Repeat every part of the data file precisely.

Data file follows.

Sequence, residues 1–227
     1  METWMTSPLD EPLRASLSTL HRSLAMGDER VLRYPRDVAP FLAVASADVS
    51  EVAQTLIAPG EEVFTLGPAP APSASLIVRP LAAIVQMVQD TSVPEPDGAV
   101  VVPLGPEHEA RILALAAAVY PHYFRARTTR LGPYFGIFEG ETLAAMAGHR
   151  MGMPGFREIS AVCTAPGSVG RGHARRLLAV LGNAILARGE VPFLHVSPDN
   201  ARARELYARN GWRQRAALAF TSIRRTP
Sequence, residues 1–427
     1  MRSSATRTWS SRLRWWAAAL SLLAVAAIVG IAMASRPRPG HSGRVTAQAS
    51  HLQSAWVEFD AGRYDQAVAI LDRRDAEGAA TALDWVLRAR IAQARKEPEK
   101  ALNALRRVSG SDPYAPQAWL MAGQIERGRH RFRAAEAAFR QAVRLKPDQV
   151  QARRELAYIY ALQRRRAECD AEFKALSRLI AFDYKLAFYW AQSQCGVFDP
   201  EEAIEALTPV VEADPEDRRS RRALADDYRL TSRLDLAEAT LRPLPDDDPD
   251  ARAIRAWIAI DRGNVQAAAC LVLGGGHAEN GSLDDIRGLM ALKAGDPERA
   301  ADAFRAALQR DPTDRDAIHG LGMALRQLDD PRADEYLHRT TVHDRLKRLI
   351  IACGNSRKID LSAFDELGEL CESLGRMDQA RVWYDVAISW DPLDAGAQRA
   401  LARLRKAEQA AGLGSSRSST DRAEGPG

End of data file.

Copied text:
Sequence, residues 1–227
     1  METWMTSPLD EPLRASLSTL HRSLAMGDER VLRYPRDVAP FLAVASADVS
    51  EVAQTLIAPG EEVFTLGPAP APSASLIVRP LAAIVQMVQD TSVPEPDGAV
   101  VVPLGPEHEA RILALAAAVY PHYFRARTTR LGPYFGIFEG ETLAAMAGHR
   151  MGMPGFREIS AVCTAPGSVG RGHARRLLAV LGNAILARGE VPFLHVSPDN
   201  ARARELYARN GWRQRAALAF TSIRRTP
Sequence, residues 1–427
     1  MRSSATRTWS SRLRWWAAAL SLLAVAAIVG IAMASRPRPG HSGRVTAQAS
    51  HLQSAWVEFD AGRYDQAVAI LDRRDAEGAA TALDWVLRAR IAQARKEPEK
   101  ALNALRRVSG SDPYAPQAWL MAGQIERGRH RFRAAEAAFR QAVRLKPDQV
   151  QARRELAYIY ALQRRRAECD AEFKALSRLI AFDYKLAFYW AQSQCGVFDP
   201  EEAIEALTPV VEADPEDRRS RRALADDYRL TSRLDLAEAT LRPLPDDDPD
   251  ARAIRAWIAI DRGNVQAAAC LVLGGGHAEN GSLDDIRGLM ALKAGDPERA
   301  ADAFRAALQR DPTDRDAIHG LGMALRQLDD PRADEYLHRT TVHDRLKRLI
   351  IACGNSRKID LSAFDELGEL CESLGRMDQA RVWYDVAISW DPLDAGAQRA
   401  LARLRKAEQA AGLGSSRSST DRAEGPG